Tavis: Drink deeply – I love this – drink deeply from good books, including the Good Book.
Wooden: Yes, especially the Good Book. All your answers are in there. You’ll find them somewhere if you’ll just look and try to understand. You don’t have to necessarily understand completely, but you can get help there for anything, any problem.
Tavis: Make friendship a fine art.
Wooden: Don’t take it for granted. Too often we do. Friendship is two-sided. It isn’t a friend just because someone’s doing something nice for you. That’s a nice person. There’s friendship when you do for each other. It’s like marriage – it’s two-sided.
Tavis: Build shelter against a rainy day.
Wooden: Well, he wasn’t thinking of an earthly shelter, he was thinking of the life you lead where there are hopes of an eternal shelter. When Socrates was unjustly imprisoned, facing imminent death, his jailers couldn’t understand the serenity.
They asked him why he wasn’t preparing for death, and he said, “I’ve been preparing for death all my life with the life I’ve led.” I believe that’s what Dad meant.
Tavis: Pray for guidance and give thanks for your blessings every day.
Wooden: Too often, we just ask for help instead of really giving thanks for the many things that we’ve had and are so helpful to us that we did nothing to deserve, so we should give thanks each and every day and pray for guidance in helping us along the proper path.
Tavis: These things that your dad gave you on this card, Coach, are not just admirable, they are obviously instructive. But I wonder whether or not – and obviously your record speaks for itself – but at any point in your career, in your life, did your friends or your players think you were just Coach is a little corny, Coach is a little Okie, he’s just too on the straight and narrow. Did they ever laugh at you?
Wooden: Well, I’m sure some of them did, and no question about that. When Lewis came to Los Angeles when he was interviewed and asked what he thought of Coach Wooden, he said, “I thought he was one of the corniest people I’d ever met. (Laughter) He reminded me of the old farmer in the Pepperidge Farm commercial.”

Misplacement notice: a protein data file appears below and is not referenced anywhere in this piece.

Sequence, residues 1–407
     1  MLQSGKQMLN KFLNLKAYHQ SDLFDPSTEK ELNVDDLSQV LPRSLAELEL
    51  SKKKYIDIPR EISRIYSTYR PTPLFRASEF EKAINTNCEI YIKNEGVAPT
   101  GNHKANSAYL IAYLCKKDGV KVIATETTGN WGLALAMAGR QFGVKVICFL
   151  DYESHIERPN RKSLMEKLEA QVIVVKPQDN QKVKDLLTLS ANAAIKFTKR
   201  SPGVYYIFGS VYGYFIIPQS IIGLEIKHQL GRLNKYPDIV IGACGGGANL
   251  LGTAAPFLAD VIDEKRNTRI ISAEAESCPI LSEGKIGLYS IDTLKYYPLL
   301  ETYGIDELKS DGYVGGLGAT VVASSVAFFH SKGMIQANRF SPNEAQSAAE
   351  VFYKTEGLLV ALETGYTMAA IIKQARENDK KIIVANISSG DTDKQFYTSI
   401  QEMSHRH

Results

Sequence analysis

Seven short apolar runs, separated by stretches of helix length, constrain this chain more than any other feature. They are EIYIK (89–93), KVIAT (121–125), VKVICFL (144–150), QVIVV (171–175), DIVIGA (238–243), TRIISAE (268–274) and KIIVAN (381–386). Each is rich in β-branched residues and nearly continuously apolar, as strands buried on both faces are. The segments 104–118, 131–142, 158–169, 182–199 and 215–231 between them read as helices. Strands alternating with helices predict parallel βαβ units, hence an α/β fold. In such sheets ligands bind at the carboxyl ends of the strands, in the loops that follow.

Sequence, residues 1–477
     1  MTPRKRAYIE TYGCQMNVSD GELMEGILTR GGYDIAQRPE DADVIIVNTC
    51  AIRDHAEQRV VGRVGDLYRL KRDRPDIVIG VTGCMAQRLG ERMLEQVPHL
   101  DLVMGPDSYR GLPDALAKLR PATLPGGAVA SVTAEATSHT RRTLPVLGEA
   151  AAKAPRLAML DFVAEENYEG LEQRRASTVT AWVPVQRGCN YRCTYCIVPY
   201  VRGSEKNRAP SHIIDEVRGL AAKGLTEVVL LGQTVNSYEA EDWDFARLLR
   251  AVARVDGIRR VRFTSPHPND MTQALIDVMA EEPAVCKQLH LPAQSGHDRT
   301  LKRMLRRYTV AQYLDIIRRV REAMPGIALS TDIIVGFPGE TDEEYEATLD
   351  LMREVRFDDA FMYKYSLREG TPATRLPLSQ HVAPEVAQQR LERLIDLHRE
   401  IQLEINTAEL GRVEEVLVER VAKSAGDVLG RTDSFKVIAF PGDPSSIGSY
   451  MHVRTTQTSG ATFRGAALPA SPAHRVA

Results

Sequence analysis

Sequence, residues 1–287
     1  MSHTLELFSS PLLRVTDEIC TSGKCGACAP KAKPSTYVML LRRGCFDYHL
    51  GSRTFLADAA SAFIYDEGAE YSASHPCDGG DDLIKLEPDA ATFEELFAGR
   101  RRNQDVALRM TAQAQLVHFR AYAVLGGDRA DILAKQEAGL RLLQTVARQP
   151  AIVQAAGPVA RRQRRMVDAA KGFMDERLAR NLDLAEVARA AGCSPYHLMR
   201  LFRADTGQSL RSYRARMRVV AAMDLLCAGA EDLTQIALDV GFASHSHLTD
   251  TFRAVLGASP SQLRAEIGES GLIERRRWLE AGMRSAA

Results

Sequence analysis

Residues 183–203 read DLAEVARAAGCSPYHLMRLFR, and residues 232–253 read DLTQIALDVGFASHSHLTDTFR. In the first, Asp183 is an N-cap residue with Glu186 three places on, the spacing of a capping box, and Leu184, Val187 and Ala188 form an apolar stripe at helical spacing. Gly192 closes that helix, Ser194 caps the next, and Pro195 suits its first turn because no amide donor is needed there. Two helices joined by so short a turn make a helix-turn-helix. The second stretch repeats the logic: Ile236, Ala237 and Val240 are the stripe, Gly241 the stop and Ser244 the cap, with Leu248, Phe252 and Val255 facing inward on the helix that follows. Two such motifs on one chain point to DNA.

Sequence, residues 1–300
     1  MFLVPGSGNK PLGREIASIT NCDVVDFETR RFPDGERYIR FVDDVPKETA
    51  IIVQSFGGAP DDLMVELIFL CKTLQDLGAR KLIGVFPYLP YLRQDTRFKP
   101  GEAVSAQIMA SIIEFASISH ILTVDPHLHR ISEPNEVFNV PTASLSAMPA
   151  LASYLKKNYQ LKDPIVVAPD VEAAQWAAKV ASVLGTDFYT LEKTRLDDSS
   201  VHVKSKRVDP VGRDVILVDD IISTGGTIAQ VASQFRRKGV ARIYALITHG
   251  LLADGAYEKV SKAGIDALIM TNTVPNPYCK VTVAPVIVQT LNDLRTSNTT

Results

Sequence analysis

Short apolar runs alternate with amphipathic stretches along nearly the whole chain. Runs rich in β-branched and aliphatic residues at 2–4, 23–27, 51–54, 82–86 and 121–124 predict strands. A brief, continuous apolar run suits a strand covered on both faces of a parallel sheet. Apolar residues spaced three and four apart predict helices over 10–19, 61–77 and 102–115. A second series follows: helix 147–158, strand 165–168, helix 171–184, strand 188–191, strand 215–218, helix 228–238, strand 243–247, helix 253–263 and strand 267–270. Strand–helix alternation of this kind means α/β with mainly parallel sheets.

A reporter said, “What do you think of that?” and I said, “Well, that’s nice. I’m from the farm.” “Well, do you think he was commending you?” and I said, “Well, I’m taking it that way. It doesn’t make any difference.” But I’m sure that’s true, but it doesn’t bother me.
Tavis: With regard to leadership, you have argued for some time, for years, that emotion can be your enemy. Extrapolate for me.
Wooden: Well, when emotion takes over reason flies out the window, in a sense. You can’t make good decisions that are going to be meaningful, productive, when you lose control, and you have to maintain mental control, emotional control and to be able to perform physically up to your own particular level of competency; you have to keep your emotions under control.
Tavis: Mm-hmm. I wonder how much of what you have guarded over the years with regard to leadership in the sports arena is applicable elsewhere?
Wooden: I think it’s applicable in the most important place in the world, and that’s in the home. Parenting is the most important profession in the world, and I think that’s where it starts and should be. I think it’s applicable in business professions and in almost every life.
I think it would be – I think if heads of state throughout this troubled world followed it a little more, I believe we’d have less problems. We’d always have problems, but I don’t believe they’d be as unmanageable if heads of state just followed along, primarily, and be more considerate of others, and think (unintelligible) that person first.
Tavis: I hear the answer you just offered now about being more considerate. I was about to ask you and I still want to ask you anyway – and this is a massive question that may be unfair to ask – but when you critique leadership in the world today, and I know this is not a one size fits all, but since the book is about leadership, when you critique leadership today or leaders today, what most troubles you about the way that we devalue what leadership is supposed to be?